Air Force’s B-21 Bomber Nears Key Design Review

The U.S. Air Force, which has been developing the B-21 Raider for almost three years, is on track to conduct a critical design review (CDR) by year’s end, a service official said June 25.

“We are on our way to critical design review,” said Randy Walden, director of the Air Force Rapid Capabilities Office, which oversees the bomber program. “I suspect it will be done before the end of the year. That’s our plan today.” 

Randy Walden, head of the Air Force Rapid Capabilities Office, speaks at the Air Force Association. (Photo by Marc Selinger/Defense Daily)

Randy Walden, head of the Air Force Rapid Capabilities Office, speaks at the Air Force Association. (Photo by Marc Selinger/Defense Daily)

A successful CDR would clear the way for fabrication of the aircraft to begin.

Walden, who spoke to the Air Force Association’s Mitchell Institute, said the secretive program has been tackling development issues typical for a complex weapon system, such as working on components and figuring out how the engines will fit into the aircraft. A model of the bomber has undergone wind-tunnel testing.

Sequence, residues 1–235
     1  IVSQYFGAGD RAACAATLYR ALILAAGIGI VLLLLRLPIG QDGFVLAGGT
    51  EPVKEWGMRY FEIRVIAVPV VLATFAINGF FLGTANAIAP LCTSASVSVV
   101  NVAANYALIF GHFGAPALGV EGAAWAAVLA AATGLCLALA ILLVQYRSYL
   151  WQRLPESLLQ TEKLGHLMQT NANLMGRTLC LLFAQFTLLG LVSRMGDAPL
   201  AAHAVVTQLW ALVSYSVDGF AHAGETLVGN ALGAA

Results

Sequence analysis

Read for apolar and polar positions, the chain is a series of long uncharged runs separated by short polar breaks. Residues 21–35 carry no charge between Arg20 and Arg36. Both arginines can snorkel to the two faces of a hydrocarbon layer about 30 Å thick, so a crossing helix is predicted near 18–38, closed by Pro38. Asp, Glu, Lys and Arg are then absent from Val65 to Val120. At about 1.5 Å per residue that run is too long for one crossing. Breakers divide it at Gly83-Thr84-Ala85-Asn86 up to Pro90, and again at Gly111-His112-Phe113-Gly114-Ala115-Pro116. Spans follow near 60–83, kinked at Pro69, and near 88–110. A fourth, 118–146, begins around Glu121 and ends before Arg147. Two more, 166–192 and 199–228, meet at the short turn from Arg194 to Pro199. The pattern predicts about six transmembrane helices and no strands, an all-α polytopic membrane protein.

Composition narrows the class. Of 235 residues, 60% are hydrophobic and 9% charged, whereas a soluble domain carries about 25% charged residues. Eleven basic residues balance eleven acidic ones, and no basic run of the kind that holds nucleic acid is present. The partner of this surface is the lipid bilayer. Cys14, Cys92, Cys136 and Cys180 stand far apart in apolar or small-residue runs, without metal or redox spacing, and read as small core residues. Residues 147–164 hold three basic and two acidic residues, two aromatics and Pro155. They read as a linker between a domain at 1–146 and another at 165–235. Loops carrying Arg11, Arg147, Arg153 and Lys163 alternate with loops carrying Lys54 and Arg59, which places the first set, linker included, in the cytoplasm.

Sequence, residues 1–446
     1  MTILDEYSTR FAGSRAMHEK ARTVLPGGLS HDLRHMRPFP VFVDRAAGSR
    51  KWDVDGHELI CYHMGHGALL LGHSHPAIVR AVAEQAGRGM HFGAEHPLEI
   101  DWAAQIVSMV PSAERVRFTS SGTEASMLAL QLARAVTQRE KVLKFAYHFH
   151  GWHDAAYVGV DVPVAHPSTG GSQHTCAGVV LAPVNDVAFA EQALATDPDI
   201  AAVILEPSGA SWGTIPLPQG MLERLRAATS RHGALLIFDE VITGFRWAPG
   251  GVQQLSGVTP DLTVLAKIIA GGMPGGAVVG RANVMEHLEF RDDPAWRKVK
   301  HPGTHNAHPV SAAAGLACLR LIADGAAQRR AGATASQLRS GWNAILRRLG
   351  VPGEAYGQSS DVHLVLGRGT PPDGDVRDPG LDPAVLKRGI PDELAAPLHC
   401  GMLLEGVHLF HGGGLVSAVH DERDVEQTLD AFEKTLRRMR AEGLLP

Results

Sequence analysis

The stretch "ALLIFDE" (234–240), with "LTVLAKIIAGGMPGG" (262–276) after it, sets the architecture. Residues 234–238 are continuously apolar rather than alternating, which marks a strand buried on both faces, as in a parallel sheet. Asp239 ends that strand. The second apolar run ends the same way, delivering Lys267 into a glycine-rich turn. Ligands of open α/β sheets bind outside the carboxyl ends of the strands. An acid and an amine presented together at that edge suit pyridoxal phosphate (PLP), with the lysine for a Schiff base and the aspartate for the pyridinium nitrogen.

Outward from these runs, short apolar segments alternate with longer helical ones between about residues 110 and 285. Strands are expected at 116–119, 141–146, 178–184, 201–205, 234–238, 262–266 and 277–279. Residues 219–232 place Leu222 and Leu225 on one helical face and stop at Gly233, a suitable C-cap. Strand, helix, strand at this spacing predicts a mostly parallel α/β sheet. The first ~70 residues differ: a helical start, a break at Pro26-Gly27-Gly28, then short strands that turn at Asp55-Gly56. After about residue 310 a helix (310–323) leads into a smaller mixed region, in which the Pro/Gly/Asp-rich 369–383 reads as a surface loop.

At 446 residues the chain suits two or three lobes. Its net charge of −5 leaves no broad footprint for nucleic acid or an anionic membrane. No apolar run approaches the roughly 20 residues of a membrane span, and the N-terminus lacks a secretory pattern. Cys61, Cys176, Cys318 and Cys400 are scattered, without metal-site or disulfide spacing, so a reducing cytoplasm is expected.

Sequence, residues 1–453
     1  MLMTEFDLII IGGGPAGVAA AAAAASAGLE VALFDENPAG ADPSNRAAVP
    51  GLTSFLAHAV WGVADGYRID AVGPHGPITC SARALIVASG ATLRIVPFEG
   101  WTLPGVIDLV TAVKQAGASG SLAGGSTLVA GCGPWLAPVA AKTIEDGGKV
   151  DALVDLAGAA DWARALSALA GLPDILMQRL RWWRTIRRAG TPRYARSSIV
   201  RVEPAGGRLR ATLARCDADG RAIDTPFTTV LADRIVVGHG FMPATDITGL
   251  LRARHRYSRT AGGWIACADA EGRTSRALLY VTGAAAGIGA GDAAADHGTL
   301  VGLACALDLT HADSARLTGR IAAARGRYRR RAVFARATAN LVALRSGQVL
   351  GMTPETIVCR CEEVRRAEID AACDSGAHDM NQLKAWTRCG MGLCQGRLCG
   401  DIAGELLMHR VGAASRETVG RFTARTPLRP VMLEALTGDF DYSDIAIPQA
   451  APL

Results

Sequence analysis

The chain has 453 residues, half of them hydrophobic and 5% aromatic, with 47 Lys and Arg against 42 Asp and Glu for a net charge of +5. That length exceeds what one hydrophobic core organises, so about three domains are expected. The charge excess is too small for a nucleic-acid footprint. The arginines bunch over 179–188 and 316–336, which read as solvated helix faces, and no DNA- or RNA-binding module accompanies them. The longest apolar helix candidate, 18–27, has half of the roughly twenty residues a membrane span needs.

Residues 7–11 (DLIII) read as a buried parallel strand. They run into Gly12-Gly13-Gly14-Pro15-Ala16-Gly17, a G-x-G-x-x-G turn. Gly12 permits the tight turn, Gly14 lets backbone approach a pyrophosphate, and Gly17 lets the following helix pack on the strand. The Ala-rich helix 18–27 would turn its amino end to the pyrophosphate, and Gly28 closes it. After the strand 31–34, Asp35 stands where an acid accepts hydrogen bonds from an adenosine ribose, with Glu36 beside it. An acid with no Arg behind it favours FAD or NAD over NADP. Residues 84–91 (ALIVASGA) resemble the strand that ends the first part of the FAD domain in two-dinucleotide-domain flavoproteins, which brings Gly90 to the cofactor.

“We’re in that phase today of getting a good feel for each of the components, how they’re going to be integrated in and the engineering associated with that integration,” he said.

The program, whose prime contractor is Northrop Grumman [NOC], completed its preliminary design review in early 2017.

The Air Force plans to buy at least 100 B-21s and begin fielding them in the mid-2020s to replace the B-1 and B-2. The Air Force’s fiscal year 2019 budget includes $2.3 billion for the new stealth bomber, up from $2 billion in FY 2018.

Walden acknowledged that potential adversaries are "probably going to great lengths" to try to steal the program's sensitive information. He said "we're doing everything we can" to guard against such cyber thefts.

Walden, whose office also oversees the X-37B Orbital Test Vehicle, said the Air Force has no plans to make major design changes to the Boeing [BA]-built unmanned reusable spaceplane. The X-37B is on its fifth mission, carrying an Air Force Research Laboratory experimental payload.

“The X-37 is doing quite well,” he said. “The experimentation we’re doing has been very helpful to others out there in the space community.”

The current mission, which began in September, is slated to last about two years (Defense Daily, Sept. 7, 2017). The X-37B has spent a total of more than 2,000 days in space.

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